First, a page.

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Yellen says she regrets saying inflation was ‘transitory’

Treasury Secretary Janet Yellen said she regrets describing inflation in 2021 as “transitory,” the term several Federal Reserve and Biden administration officials used to describe the pandemic-induced price surges they initially thought would be temporary.

“I regret saying it was transitory. It has come down. But I think transitory means a few weeks or months to most people,” Yellen said during an interview with FOX Business Network’s Edward Lawrence on Monday.

Treasury spokesman Christopher Hayden said in an email to The Hill that this was not the first time Yellen expressed regret for calling inflation “transitory,” which she previously said during an interview with WBUR in January.

Headline inflation fell to 3.2 percent year-over-year in February from its 9.1 percent peak in June 2022, a significant improvement but still higher than the Fed’s mandate to keep price increases to 2 percent annually.

Fed Chair Jerome Powell, who was also dinged for initially calling inflation transitory, and the central bank have hiked interest rates from near-zero in March 2022 to a range of 5.25 percent to 5.5 percent to try to curb inflation by cooling demand.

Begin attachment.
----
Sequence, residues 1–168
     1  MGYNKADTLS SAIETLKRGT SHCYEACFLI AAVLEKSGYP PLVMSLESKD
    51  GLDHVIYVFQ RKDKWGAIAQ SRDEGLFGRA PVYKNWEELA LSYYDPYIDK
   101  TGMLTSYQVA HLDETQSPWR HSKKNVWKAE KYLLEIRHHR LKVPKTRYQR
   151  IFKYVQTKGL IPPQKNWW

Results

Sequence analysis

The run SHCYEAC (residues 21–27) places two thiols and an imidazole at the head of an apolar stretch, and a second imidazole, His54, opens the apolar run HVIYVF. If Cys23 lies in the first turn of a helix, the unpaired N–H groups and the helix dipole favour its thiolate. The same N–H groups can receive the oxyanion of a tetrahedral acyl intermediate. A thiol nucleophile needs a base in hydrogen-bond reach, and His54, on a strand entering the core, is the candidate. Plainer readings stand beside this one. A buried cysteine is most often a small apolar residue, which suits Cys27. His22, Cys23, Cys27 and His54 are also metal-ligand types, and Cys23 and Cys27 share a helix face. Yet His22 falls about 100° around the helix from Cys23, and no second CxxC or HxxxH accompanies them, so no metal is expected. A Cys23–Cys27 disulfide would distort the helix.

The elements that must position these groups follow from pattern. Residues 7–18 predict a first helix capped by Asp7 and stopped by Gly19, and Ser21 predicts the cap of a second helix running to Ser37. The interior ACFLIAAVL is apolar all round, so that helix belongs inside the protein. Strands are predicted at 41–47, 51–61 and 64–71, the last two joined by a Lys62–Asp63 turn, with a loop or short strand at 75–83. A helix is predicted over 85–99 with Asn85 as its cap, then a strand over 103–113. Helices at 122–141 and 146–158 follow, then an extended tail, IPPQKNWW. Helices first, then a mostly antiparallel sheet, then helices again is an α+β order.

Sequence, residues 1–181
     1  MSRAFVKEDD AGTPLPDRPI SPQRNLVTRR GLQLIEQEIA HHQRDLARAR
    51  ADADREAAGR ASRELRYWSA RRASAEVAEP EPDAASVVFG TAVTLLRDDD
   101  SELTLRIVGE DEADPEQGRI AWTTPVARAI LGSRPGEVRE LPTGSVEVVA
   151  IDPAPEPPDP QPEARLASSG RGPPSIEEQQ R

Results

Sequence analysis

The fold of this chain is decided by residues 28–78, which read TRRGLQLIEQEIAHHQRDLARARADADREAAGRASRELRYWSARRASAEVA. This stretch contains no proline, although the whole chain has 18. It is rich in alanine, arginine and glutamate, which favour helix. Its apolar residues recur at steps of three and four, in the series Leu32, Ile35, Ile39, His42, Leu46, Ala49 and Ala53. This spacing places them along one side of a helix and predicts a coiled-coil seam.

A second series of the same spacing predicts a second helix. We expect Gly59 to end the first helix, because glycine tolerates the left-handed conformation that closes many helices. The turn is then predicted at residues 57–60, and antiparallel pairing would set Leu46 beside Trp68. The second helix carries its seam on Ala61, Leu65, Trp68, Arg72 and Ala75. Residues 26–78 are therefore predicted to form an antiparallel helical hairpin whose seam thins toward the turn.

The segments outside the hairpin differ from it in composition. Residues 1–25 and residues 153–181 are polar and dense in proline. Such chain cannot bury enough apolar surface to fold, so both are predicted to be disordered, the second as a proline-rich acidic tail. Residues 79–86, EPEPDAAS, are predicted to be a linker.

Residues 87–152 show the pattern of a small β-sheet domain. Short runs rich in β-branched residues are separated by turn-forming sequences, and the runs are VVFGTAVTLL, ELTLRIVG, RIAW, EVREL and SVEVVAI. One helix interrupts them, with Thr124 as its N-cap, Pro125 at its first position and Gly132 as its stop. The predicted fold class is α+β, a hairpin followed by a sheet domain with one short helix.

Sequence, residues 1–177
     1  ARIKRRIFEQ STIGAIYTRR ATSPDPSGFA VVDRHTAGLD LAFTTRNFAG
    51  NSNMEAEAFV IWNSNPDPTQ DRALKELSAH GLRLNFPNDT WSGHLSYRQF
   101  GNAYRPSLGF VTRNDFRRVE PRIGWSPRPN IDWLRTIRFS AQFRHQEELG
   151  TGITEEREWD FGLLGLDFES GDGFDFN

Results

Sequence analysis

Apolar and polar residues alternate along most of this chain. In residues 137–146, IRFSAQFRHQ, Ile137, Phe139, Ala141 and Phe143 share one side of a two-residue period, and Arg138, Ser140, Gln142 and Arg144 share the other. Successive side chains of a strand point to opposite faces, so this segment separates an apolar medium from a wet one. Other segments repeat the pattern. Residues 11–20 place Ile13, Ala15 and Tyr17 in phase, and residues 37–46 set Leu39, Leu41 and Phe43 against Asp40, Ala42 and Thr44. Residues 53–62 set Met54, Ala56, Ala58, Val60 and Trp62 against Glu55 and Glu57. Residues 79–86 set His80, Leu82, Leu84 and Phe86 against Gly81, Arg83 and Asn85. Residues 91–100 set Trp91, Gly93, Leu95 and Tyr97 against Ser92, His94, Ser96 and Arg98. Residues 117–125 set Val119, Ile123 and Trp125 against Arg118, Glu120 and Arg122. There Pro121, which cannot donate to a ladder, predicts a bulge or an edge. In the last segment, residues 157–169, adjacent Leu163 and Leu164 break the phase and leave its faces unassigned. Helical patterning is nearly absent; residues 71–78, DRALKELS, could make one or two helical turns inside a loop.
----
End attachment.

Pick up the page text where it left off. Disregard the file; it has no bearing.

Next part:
While many economists feared the rate hikes could push the economy into a recession a year ago, it now looks like the U.S. economy could be coming in for a rare “soft landing,” the term for slowing down the economy just enough to bring down high prices without triggering a recession.

The runway for the soft landing may be a bit bumpy as inflation is proving to be stickier than usual, but Yellen, a former Fed chair, was optimistic about the overall downward trend in price pressures.

“I wouldn’t expect this to be a smooth path month to month, but the trend is clearly favorable,” Yellen said.

Updated at 4:42 p.m.

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